The U.S government only recently recognized asbestos awareness as an important national endeavor. In March 2010, the U.S. Senate unanimously passed a resolution to make the first week in April “National Asbestos Awareness Week.” The measure was to urge the Surgeon General to increase efforts to educate and warn the public about the severe health risks of asbestos such as asbestosis and mesothelioma lung cancer.
Following this, the Office of the Surgeon General announced an official warning about public health risks and asbestos. It was a key moment in the history of asbestos.
According to the Agency for Toxic Substances and Disease Registry (ATSDR), everyone is exposed to low levels of asbestos in the air. However, people are more likely to experience asbestos-related disorders when they are exposed to high concentrations of the mineral, for longer periods of time, and more often than average.
Asbestos Awareness: Avoiding Exposure
Asbestos awareness includes spreading information on how to avoid dangerous exposure levels. Most exposure occurs in the workplace. The Centers for Disease Control and Prevention (CDC) publishes recommendations for preventing occupational exposure to asbestos. The Environmental Protection Agency (EPA) also publishes information and recommendations, some of which are highlighted here for quick reference.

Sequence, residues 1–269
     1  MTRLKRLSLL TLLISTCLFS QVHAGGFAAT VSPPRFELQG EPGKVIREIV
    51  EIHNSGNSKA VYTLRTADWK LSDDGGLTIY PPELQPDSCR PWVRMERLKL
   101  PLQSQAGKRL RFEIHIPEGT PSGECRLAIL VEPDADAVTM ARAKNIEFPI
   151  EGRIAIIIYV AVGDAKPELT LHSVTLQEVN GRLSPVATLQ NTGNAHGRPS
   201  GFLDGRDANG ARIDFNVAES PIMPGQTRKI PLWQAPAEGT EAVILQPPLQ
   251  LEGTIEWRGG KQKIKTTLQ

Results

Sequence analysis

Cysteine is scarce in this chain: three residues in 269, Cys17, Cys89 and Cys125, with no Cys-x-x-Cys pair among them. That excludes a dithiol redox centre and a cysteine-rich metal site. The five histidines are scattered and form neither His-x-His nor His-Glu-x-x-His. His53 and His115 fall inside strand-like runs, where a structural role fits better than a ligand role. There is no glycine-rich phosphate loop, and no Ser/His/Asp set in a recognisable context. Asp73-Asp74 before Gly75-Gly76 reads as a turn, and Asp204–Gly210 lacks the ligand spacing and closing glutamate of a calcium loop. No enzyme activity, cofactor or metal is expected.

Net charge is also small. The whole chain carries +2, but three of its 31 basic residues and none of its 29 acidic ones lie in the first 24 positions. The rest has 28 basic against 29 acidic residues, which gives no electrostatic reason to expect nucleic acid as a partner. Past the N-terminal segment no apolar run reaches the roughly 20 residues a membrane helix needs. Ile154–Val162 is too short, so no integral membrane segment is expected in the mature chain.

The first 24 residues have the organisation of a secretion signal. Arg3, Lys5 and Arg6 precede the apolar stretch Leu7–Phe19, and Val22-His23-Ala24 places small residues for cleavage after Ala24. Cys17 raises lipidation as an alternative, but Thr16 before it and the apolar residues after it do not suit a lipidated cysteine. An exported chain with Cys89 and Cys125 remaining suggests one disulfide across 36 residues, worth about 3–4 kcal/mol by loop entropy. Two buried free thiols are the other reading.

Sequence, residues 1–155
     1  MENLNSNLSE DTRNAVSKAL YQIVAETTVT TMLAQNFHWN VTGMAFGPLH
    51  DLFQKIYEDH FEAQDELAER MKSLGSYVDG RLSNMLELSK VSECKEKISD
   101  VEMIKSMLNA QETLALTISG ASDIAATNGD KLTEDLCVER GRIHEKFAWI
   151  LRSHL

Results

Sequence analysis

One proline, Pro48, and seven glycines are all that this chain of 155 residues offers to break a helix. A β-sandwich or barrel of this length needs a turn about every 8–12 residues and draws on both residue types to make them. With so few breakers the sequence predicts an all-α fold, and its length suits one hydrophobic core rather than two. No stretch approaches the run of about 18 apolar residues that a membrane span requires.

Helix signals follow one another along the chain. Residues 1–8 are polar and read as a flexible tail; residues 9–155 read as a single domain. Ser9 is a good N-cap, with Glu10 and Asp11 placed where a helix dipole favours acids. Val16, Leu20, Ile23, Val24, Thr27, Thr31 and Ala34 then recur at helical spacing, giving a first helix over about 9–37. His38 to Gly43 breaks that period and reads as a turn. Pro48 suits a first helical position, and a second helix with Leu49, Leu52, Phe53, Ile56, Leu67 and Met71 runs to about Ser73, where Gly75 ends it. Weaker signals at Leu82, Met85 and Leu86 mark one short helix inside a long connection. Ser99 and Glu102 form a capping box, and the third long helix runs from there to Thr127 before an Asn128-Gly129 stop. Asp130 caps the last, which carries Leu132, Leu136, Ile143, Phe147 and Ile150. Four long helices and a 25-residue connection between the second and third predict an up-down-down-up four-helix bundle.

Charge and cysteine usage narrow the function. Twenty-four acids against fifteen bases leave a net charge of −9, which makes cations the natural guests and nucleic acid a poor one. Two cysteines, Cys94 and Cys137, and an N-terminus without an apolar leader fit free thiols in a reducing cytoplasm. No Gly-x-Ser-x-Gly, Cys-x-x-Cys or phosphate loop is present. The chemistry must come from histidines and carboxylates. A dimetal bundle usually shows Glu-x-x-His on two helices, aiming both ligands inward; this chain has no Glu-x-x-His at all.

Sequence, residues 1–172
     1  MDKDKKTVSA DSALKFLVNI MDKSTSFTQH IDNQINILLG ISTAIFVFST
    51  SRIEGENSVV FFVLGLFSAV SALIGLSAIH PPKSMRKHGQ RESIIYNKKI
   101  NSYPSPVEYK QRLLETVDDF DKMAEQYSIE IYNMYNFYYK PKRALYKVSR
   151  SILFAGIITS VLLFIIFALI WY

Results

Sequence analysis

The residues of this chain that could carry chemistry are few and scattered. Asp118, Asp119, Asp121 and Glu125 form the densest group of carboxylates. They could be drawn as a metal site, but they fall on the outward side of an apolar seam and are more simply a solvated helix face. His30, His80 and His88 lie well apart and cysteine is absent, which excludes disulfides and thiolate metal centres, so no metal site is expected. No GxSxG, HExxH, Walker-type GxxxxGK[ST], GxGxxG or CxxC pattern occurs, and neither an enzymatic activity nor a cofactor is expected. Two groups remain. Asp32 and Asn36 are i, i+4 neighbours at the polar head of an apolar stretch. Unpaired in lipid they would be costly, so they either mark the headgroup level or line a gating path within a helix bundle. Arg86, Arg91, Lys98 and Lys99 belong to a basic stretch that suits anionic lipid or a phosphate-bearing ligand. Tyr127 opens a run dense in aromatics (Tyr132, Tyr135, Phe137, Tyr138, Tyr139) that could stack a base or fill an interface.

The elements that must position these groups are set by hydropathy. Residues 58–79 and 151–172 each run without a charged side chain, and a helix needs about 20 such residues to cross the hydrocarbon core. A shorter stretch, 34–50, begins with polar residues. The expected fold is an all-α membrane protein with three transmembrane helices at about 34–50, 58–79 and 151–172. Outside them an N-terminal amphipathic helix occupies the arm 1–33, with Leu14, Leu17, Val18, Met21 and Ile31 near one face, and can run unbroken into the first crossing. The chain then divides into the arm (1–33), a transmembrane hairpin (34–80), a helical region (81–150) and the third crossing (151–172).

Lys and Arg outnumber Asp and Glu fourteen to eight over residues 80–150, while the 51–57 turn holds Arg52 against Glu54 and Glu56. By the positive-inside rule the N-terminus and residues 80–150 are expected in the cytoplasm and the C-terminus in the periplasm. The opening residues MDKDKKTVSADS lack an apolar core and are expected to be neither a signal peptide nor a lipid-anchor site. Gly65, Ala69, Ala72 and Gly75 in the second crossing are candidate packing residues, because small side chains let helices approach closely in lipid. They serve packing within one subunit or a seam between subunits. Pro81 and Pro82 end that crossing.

People are commonly exposed to in a number of ways, including:
- In the workplace especially within industries that mine, make or use asbestos.
- By living near certain industries such as:
- the construction industry (particularly building demolition and renovation activities),
- asbestos products manufacturers (such as makers of textiles, insulation, building materials, and household items that produce or need resistance to heat), and
- the automotive industry (especially near companies that do automotive brake and clutch repair work)
- Spending time in public buildings with damaged or disturbed asbestos-containing products such as insulation, fireproofing, and floor tiles.
Asbestos Awareness: Ban Asbestos Now Movement
In recognition of the inaugural National Asbestos Awareness Week, Sokolove Law's Ban Asbestos Now (BAN!) advocacy program began. The program strives to increase asbestos awareness in the U.S. while supporting the larger fight against asbestos-related disease and cancer. Visit the website to find out how you can help increase asbestos awareness and help others understand the link between mesothelioma and asbestos.
If you have been exposed to asbestos in the workplace and developed any of the types of mesothelioma, contact an attorney at Sokolove Law today.